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Neon Tommy - Annenberg digital news

Game Review: Need For Speed Most Wanted

Will Cherry |
May 20, 2013 | 11:01 a.m. PDT


The latest in the Need For Speed Series (criterion)
The latest in the Need For Speed Series (criterion)
While I am just as giddy as the next Merican regarding Assassin’s Creed III this week, there is one other game released on the same day that certainly deserves attention:

Need for Speed: Most Wanted.

I will admit I was waiting by my mailbox for Assassin’s Creed when this bad boy appeared, and I nearly forgot about it altogether with the idea of tomahawking redcoats. But when I started NFS up, it was clear that I’d be playing for a while.

As a little background, I was never very good at racing games. My personal favorite was MarioKart, and I could never get used to “realistic”games. I let a few sit on my shelf before, but not before getting bored and ultimately trading them in.

Need for Speed: Most Wanted changed all that, and it only took an hour. The controls are seamless, simple, and effective, and I quickly found myself drifting with the pros.

It didn’t hit me that I was playing a racing game at first. Once the campaign starts there’s no menu to start from or a car to choose. You are thrust into a moving Porsche, and told how to drive as you’re going 95 mph through opposing traffic.

So I crashed a few times. Okay, many times. But there was one thing I quickly realized - I wasn’t in a race. I was coasting around in Fairhaven City. I was in a completely open world, allowed to do whatever I wanted as long as I could do it in a car. Even more impressive is that there are 40 other cars all around the city waiting for me to steal and upgrade, from the Lancia Delta to the powerful Aston Martin V12 Vantage.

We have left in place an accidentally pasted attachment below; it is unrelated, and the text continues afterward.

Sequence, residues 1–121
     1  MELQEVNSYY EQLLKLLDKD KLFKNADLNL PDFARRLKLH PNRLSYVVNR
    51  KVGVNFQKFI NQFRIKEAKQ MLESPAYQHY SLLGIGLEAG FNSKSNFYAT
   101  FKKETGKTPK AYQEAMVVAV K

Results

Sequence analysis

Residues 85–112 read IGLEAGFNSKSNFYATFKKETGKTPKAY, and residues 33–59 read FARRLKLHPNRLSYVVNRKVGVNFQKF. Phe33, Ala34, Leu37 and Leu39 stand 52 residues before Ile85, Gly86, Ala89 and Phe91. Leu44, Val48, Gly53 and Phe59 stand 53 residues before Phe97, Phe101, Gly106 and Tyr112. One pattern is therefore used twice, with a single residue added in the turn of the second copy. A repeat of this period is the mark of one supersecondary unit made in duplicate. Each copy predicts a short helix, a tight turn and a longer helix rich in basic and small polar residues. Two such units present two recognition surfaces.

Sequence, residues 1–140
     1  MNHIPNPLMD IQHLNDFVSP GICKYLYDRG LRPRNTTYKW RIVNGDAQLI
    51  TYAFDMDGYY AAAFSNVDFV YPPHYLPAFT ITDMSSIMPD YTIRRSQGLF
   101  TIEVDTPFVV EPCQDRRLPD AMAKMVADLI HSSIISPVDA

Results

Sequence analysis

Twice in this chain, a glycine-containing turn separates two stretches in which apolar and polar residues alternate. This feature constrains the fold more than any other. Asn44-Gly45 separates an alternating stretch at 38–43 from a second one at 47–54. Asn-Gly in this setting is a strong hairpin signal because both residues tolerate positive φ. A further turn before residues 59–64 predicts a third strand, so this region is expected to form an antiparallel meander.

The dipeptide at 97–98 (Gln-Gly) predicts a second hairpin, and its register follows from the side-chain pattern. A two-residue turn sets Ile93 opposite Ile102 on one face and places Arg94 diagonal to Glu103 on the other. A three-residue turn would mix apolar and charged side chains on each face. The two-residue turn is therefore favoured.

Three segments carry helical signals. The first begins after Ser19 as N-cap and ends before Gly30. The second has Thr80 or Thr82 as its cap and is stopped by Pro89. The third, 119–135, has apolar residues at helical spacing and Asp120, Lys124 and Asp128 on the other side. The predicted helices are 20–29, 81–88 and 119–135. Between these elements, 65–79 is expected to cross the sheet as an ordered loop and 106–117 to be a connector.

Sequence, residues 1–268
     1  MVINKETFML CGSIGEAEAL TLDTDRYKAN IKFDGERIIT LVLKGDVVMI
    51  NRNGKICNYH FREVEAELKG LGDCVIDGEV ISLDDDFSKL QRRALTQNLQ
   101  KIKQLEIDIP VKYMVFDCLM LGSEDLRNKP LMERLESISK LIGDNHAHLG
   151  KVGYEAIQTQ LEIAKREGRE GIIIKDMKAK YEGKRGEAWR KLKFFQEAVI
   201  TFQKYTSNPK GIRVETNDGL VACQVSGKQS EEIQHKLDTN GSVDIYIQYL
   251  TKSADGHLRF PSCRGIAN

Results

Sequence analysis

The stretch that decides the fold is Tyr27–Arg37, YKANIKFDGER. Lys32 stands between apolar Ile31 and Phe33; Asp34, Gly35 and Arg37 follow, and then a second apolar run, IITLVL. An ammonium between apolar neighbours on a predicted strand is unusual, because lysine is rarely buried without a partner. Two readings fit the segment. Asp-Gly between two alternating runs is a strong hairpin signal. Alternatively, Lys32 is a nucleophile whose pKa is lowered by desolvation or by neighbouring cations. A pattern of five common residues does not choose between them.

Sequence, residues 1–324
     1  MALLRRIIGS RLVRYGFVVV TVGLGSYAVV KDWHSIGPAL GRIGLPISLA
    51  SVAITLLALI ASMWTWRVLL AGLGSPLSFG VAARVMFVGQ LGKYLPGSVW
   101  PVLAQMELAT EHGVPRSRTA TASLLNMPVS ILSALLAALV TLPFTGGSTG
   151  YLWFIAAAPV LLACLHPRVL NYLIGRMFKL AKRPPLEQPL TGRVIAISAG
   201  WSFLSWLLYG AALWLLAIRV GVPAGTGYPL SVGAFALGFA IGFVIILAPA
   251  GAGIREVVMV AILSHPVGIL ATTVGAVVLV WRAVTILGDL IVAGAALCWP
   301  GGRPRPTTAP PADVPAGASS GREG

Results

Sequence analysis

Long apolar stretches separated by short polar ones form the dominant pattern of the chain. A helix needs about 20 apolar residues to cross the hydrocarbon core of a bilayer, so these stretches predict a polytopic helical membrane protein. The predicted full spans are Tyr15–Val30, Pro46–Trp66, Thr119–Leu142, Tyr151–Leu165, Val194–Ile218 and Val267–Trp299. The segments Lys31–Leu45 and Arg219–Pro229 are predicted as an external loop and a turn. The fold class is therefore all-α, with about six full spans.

Some of the cars in Need For Speed (Vignesh)
Some of the cars in Need For Speed (Vignesh)
This Grand Theft Auto meetsNeed for Speed is a brilliant setup, and I found racing in the streets to be just as enjoyable as getting to the starting locations, exploring the city, and running from the fuzz.

While pursuit may be your fancy, another crucial element to the campaign is the method of getting to the top of the Most Wanted list… By earning enough points to race the Top 10, beating them, and destroying everything they love to take for your own.

On top of that, the graphics are impeccable in detail, with the changing of light coming through a tunnel to the sand of a beach hitting the windshield. And whenever I want to change the color of my car, I just run it through a paint shop to receive instant swag.

Among the great leaps made in NFS, a few things somewhat bugged me, primarily the fact that the game doesn’t penalize you for failure.Whenever I got busted by the cops, crashed, or didn’t make it through a roadblock, the game reloaded and everything continued as normal. If I’m one of the most wanted drivers in the world, I would thinksomething must be taken from me.

And then EA takes privilege in NFS with another feature I find less than enjoyable: the multi-player. I love local games and racing with roommates, but NFS really disappoints in this category by pulling a Battlefield 3 multi-player, where any and every interaction has to be online.

Running from the fuzz (videogamer)
Running from the fuzz (videogamer)
Although, if you want to drive with friends across multiple systems,NFS goes above and beyond in this regard. With online friends I can set speed records, race to the starting lines, and escape cops as competitors in a single city. When it comes to online, EA fits a certain niche, but it fits perfectly.

But amidst infallible awesomeness, the lack of local play (and LSD-trip loading screens), I kept coming back to play Need for Speed. For hours and hours.

Criterion Games did it right this time, just as they did in rebooting Hot Pursuit, by creating a game that brought back the good ol’ feels of Need for Speed with kicking graphics and a sense of freedom. But please, anyone, friend me on PSN and let’s be the Most Wanted.


This story is reposted from the Neontommy tumblr site found here.

You can reach contributor Will Cherry here and follow him on twitter here.



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